A smaller group of IUF affiliates who attended the shareholder meeting spoke out against the destructive direction in which management has taken the company, urging a more long-term and sustainable strategy for the future. This group supported the shareholder resolution submitted by the national trade union center AFL-CIO calling for measures to mitigate the impact of any future plant closures, an experience all too familiar to Mondelez workers in the US and around the world.

Mondelez recently moved over 500 production jobs from the Nabisco factory in Chicago to Salinas,Mexico.
See more photos of the event here.

Immigration Blame Game

We at Talking Union received the post below by Buzz Malone titled Immigration Blame Game.  It was originally posted on his blog. He is a union activist in Iowa.

We encourage dialogue among union activists on critical issues.  We do not fear open discussion of difficult issues.

A response to Immigration Blame Game was posted on Working In These Times by labor organizer, writer, and photographer David Bacon. Bacon corrects some important points in labor history and argues against the position urged by Buzz Malone.

Malone’s piece.

Immigration Blame Game, by Buzz Malone.

“All of us assign blame in our own best interest — blame is relative. So one of the most important functions in society is controlling the blame pattern. Why is it that [the working class] assign blame downward to some welfare chiselers down at the bottom, “Tryin’ to get a little somethin’ for nothin'” — and they never assign blame upward to a handful of big-time chiselers who get a whole lot of something for doing nothing at all?”       -Utah Phillips-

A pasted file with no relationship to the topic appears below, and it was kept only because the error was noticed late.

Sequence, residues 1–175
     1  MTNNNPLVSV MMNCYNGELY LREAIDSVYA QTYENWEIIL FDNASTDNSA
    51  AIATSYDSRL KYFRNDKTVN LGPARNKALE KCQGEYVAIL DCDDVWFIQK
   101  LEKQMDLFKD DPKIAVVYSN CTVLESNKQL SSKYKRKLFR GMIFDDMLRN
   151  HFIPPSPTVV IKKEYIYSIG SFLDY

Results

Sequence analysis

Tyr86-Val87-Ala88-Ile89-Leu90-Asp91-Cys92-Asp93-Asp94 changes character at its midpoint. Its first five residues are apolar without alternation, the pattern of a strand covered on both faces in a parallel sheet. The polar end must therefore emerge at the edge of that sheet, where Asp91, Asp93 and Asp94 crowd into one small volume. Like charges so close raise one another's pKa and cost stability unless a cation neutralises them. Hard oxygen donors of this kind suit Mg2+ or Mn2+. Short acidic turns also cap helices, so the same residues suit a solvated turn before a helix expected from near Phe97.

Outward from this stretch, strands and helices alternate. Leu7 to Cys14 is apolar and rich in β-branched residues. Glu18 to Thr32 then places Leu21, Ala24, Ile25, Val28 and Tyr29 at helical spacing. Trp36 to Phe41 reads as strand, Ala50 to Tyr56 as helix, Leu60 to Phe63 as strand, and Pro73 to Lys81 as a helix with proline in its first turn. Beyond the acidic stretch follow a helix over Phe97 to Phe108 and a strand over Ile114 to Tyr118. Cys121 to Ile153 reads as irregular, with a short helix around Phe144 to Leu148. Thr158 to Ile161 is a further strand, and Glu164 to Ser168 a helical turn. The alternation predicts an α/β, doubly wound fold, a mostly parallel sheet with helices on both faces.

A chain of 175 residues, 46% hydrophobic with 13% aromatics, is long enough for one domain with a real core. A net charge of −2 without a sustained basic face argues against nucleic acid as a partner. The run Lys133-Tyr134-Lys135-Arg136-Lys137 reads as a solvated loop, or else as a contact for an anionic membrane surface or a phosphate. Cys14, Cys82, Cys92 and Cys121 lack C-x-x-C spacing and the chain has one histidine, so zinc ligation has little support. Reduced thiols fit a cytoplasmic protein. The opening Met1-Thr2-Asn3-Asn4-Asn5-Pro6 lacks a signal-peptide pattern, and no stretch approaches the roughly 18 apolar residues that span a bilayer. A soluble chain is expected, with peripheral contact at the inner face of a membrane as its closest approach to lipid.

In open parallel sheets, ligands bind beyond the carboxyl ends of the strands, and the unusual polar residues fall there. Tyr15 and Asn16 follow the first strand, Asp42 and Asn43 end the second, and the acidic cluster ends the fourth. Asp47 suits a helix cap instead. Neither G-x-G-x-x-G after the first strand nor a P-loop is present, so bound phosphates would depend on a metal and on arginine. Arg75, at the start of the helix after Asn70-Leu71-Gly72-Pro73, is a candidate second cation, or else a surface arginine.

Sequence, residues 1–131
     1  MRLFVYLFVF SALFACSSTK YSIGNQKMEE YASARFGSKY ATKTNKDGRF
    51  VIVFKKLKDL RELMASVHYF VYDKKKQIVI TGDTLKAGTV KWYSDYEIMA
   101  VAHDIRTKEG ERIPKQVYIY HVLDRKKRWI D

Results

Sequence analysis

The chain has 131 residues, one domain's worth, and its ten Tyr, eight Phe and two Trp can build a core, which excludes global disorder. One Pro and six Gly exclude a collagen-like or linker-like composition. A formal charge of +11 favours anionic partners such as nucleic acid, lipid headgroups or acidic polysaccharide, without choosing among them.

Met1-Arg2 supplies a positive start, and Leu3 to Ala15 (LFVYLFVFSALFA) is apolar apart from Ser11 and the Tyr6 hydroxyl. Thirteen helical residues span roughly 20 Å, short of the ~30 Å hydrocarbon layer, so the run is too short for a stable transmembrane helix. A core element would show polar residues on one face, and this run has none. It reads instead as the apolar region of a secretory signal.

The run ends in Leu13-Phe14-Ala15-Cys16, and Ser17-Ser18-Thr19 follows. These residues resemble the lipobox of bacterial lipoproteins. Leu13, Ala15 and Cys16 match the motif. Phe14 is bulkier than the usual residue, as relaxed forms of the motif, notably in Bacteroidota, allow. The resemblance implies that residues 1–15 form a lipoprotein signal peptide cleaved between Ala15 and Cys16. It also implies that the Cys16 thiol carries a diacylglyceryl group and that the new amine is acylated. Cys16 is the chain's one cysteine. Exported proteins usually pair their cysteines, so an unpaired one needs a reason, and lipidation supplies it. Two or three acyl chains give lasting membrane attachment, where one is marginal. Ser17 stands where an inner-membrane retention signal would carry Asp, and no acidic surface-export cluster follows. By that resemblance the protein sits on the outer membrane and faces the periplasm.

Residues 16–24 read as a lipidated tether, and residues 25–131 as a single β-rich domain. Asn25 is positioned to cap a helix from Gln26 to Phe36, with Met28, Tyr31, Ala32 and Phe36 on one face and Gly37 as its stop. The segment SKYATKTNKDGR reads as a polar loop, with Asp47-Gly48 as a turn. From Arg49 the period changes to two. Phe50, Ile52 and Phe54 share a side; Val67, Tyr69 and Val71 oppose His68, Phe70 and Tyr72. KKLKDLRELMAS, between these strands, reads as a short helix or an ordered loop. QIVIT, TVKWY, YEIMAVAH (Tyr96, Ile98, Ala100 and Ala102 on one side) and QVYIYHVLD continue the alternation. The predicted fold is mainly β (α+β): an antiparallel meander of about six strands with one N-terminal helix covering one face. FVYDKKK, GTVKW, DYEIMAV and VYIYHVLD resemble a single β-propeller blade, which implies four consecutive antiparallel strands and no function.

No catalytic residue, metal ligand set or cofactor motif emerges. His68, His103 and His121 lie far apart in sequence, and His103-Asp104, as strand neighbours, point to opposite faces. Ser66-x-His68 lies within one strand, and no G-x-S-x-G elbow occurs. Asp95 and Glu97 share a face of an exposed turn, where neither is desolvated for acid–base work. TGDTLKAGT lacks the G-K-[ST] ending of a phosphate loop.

Illegal immigration. It’s apparently one of the key issues that moved the working class electorate to vote for Trump, so I feel compelled to offer my two cents on the subject based on my own thoughts and experiences.

It’s not a terribly well kept secret to anyone who has ever travelled across Iowa and passed the heavy noxious air of a hog confinement along the interstate, that Iowa has more hogs than people. It’s always been that way. The Midwest I call home has long been a bastion of all things agricultural; of corn and beans and hogs and cattle, and all of the industries that spawn from them. Continue reading

Labor, Socialists and Immigration

Evans_Signage_HumanoIlegal.pngDr. Duane E. Campbell, April 19, 2017

In spite of the economic boon for the wealthy, working people in the U.S. have yet to receive a significant improvement in their standard of living for over 30 years. At the same time, democratic forces are once again confronted with anti immigrant campaigns- this time fostered and promoted by a President of the U.S.

As socialists, we stand with and among the US working class in opposition to the rule of the transnational corporations and their exploitation of the economy and their despoliation of our lives, our society and our environment.

We are currently experiencing a major restructuring of the global economy directed by the transnational corporations to produce profits for their corporate owners. The impoverishment of the vast majority of people in pursuit of profits for a small minority has pushed millions to migrant in search of food, jobs, and security. Global capitalism produces global migration. Along with wars NAFTA and other “Free Trade” deals each produce a new waves of migration.